The Burton SLX can arguably retain it’s flex longer than any boot we have encountered. It also has a response/flex that will work with a wide variety of boards. If you are willing to part with all that cash you generally get your money back over time because of how long this lasts. It’s just a lot of cash up front.
2015 Burton SLX Review
Bindings: Burton Diode,
Boards: Jones Mountain Twin
Set Up: Slightly set back, 15 front -15 back approx 23″ wide
Approximate Weight: Size 9 SLX 2.6 lbs and 5.2 lbs for the pair.
What’s new with the 2015
1. The Shoeller material described on the outside is new and very scratch proof/durable.
2. There is a little orange/red eva foam or gel insert wedge you can put in under the liner to give you more shock absorption in the heel. It also gives you more forward lean and therefore a little more response edge to edge.
3. There is a dual density foam tech thing going on that isn’t quite an auto cant going on like the Ion but it’s easier than previous models roll to the inside of your feet than it use to be. It helps alleviate a little stress on the joints from the stance required to snowboard and it’s a big improvement over the 2013 and 2014 models. Before the boot felt stuck and didn’t want to roll to the inside or outside of your stance. Now it rolles to the inside of your stance a lot easier and it’s a really nice improvement.
Fit: My size 9 feet fit the size 9 boot pretty well but it’s a little shorter from heel to toe inside than all other Burton boots. Usually with Burton boots my left foot is a little shorter and my right boot fit’s perfect. With the SLX my right foot is a little tight and my left fits perfect. With a little heat molding the right will fit perfect. Like almost all Burton boots it has a wider toe box that works well for the mechanics of turning as well as keeps your toes warm. It’s not super wide like it’s good for wide feet but it’s got a little extra room for my foot to expand to the sides when I lean forward on a turn. Also because my toes are pressed together and they never go numb like they do with other boots that have a tighter toe box.
Flex: The SLX is always softer and less responsive out of the box than the Ion but this year and last there is even a more noticeable difference between the two. The SLX feels softer than the older models and I’d say it’s more medium to bordering on med/stiff. The good part is that flex will stay the same for a long time. It’s not going to start out Med to Med/Stiff and go really soft. It starts out medium to medium stiff and pretty much stays that way.
Response: Like the Ion the SLX has more response than you would think for it’s flex. It feels like a nice smooth edge to edge transitioning that can handle a wide variety of boards. It’s a great boot for a diverse board quiver. It definitely pairs up with more responsive boards but you would be surprised how well it pairs up with med/soft flexing and easier turning boards as well.
Comfort: So the more I ride these the longer it takes to break in. The new infinite ride liner has denser foam than the standard Burton boots andi it’s not as comfortable as the older liners. It takes longer to break in and I experienced a little pain in the Achilles heel of my right foot because it was a little tight and the fom is a little more dense. I found that I needed to go into the shop and heat mold these. The toe box of the SLX feels a little wider and there is more room which I like because you are guaranteed that your feet will never fall asleep. Well at least I’m guaranteed because as I often say all feet are different when it comes to fit. The length of the fit is a tiny bit shorter than the Ion as well but my feet still fit both very well.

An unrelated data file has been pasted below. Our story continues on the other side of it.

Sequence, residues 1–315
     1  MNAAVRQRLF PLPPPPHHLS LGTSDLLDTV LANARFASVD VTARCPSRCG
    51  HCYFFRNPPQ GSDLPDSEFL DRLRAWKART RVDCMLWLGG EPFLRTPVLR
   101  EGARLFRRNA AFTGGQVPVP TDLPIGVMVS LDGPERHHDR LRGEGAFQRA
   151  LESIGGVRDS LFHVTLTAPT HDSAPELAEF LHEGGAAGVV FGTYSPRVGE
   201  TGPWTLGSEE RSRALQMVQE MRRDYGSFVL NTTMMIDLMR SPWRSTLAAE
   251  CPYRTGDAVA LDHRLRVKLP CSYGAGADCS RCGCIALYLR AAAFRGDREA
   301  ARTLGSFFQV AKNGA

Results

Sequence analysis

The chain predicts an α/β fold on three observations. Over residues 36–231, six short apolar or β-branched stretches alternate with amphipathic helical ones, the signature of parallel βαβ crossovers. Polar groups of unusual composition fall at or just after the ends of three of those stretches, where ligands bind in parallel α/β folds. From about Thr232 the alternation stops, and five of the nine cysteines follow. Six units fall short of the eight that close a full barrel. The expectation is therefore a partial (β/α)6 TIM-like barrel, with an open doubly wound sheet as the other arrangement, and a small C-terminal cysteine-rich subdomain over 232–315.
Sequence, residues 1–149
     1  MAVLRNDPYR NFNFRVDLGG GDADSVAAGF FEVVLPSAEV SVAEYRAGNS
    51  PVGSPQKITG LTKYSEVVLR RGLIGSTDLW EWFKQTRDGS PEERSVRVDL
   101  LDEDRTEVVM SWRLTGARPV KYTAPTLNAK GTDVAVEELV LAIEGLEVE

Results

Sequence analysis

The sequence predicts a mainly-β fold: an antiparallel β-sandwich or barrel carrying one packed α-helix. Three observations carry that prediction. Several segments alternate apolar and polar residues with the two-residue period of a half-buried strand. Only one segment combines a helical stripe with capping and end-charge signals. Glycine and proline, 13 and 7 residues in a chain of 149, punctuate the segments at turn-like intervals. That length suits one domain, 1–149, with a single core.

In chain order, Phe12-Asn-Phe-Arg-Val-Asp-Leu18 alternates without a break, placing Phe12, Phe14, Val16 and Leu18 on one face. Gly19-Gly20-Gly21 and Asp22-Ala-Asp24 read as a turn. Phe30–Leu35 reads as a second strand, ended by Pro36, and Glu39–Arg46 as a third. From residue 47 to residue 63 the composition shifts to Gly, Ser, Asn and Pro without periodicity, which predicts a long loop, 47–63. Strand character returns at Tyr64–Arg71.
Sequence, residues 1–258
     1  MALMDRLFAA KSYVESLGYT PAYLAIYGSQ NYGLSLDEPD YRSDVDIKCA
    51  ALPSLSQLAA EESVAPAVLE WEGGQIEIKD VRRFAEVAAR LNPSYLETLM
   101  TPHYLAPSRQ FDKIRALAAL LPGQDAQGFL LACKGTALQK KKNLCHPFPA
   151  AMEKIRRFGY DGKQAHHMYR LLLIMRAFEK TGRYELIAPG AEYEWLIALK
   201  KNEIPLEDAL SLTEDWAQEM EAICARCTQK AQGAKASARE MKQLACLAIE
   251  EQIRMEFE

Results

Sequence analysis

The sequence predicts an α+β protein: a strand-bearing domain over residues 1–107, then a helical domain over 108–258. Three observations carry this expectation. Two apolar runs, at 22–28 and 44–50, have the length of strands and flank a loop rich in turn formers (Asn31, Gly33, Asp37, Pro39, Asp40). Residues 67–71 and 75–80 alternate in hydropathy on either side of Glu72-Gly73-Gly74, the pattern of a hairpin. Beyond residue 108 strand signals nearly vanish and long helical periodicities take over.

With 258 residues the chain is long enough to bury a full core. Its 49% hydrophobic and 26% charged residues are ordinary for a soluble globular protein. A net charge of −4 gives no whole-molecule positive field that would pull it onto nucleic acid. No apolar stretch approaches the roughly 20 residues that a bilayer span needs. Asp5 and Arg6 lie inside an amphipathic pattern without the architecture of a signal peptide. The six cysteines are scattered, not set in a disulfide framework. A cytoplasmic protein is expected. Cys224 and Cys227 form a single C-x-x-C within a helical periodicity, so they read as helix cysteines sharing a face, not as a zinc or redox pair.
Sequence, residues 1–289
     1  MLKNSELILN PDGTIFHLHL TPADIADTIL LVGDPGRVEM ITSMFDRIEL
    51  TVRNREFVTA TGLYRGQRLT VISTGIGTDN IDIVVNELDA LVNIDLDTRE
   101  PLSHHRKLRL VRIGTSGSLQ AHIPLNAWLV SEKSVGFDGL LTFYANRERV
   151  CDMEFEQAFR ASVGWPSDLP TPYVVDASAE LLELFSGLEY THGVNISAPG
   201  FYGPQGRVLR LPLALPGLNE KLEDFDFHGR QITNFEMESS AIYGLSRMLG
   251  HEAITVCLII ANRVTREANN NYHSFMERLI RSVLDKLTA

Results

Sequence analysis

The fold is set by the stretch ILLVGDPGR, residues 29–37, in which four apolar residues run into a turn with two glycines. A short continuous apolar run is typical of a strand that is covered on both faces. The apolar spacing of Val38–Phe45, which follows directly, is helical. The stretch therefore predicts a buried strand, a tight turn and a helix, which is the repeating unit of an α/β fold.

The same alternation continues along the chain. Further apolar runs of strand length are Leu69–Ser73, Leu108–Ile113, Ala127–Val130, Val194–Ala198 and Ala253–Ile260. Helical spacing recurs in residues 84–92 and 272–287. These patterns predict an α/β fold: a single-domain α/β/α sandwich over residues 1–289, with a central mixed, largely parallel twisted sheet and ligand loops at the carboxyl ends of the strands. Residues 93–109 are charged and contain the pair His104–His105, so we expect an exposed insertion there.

Heel Hold: I’ve never had heel lift in these boots but some with smaller ankles/heels have complained over the years about Burton. With no additional foam customization I’ve never had even a little bit of heel lift.
Adjustability: Burton Speed lace is one of my personal favorites for a few reasons. It’s quick on and off but even better the upper and lower are completely separate. I can leave the lower a little bit loose and the upper moderately tight. Most double BOA boots can’t do that because they overlap on the ankle. Also the articulating cuff wraps really well around your shin. It’s a fit that conforms to feet very well and it’s at the top of the Burton fitting chain.
Flex Retention: I haven’t found a boot that retains it’s flex better than the Burton SLX. Now with the infinite ride liner and the articulating cuff the SLX is even better than before. Jimbo has over 300 days of hard riding on his 2012 SLX’s and they still aren’t noodled out. Yeah the flex isn’t like new any more but most boots should feel like socks after that many days. With the newer tech the SLX should be even better. Also the toe box is massively stiff compared to previous years. The 2014 was pretty stiff but this feels even stiffer.
Shock Absorption: So without the little wedges the shock absorption is pretty good and it’s definitely a step up from the Ion’s. However there is a decent amount of Vibram tread that detracts from feeling the full effects of the Gel between your foot and the binding. As the sole softens up a bit over time you will feel the gel more. With the Wedge in there is some serious shock absorption going on and it’s better than even the Fiend which seems to have the most shock absorption of the Burton line. You don’t feel as integrated with the board as you do the Ion though. It’s a very good fit and has really solid integration but the EST integration is something special though and really has a different feel. It’s s tough call when it comes to choice between the Ion and the SLX. It’s about shock absorption vs board feel and I’ll leave that to you to decide as both have their merits.
Traction: Vibram is the best when it comes to traction and I have never had issues in icy parking lot’s or walking across wind blown rocky peaks or hiking in soft snow. It’s also easy to walk in these boots if you losen the top. The Vibram tread on the SLX is also thicker than any other boot I’ve seen in their line so again they built this to last longer than your average boot.
Footprint: So all Burton boots are really reduced but when you match up my size 9 Ion’s to the 9 SLX the SLX is even a little bit more reduced. It’s the best choice for those that have in between sizing and want to size down. Also the toe and heel ramp up really well to reduce the possiblity of toe/heel drag.